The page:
October 2, 2014
Getting your kids to brush their teeth, yet alone like it, can be tricky. We have some tips that might help you to get your kids brushing and like it!!
Dr. Tillman recommends that you choose a small, child-sized, soft-bristled toothbrush. Soaking the brush in warm water for a few minutes before brushing can soften the bristles even more. Use a pea sized amount of fluoride toothpaste.
Monkey See Monkey Do: Modeling good behavior is one of the best ways to get your kids excited about brushing their teeth instead of thinking it’s a chore. When you brush your teeth, be happy that you’re doing it. If Mom and Dad make it look like fun, the kids will want to do it too. Let them copy you. Buy them the same color toothbrush as you have, or try an electric one, which may be more entertaining for them. Let them try brushing your teeth and then you can brush theirs to make sure they’re actually clean.
Give them a good story: Talk about why we need to brush – how the sugar bugs make holes in our teeth if we don’t brush them away. Sometimes kids need a reason or a good story to get on board.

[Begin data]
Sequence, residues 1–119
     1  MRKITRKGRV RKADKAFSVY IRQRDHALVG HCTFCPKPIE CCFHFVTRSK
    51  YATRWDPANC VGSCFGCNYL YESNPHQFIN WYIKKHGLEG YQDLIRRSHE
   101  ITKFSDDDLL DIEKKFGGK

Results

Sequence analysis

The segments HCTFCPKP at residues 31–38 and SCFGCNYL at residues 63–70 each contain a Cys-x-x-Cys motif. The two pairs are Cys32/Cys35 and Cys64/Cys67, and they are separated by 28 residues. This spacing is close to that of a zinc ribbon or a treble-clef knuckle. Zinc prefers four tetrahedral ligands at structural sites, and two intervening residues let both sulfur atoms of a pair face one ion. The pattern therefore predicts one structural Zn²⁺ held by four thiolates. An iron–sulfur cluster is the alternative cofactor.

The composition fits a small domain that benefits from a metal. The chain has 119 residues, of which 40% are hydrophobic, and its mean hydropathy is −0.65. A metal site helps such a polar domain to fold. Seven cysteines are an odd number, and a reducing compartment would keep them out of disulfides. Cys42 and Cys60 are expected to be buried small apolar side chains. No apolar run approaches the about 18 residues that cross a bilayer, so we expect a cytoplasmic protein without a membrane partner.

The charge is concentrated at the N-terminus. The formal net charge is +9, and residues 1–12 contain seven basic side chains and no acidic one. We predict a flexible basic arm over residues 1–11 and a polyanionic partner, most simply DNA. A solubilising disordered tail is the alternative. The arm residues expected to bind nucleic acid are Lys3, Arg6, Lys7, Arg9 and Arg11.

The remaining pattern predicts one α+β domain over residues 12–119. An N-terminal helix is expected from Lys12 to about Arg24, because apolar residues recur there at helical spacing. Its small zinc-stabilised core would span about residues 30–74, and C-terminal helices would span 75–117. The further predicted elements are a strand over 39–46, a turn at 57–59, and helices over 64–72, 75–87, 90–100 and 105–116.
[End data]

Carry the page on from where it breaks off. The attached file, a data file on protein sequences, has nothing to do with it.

Make bubbles: Encourage them to create lots of bubbles – that means they’re brushing well. You could hold a bubble-making contest with your kids to see who can create the most bubbles.
Make sure to bring your kids in for their routine check ups and cleanings and our hygienists can help encourage the kids with good brushing habits!
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August 29, 2014
My Baby is Getting Teeth!!
Knowing what to do when those first teeth start poking through is the first step. Caring for your little one’s teeth is critical to ensuring their overall health and instilling good habits. With that in mind, we thought we’d share some tips on pediatric oral hygiene.
Don’t wait to start cleaning. A clean damp washcloth does wonders for the gums. As soon as that first tooth pokes through, begin twice daily brushing.
Get that baby to the dentist! It should happen sooner than you might think. Dr. Tillman recommends that the first visit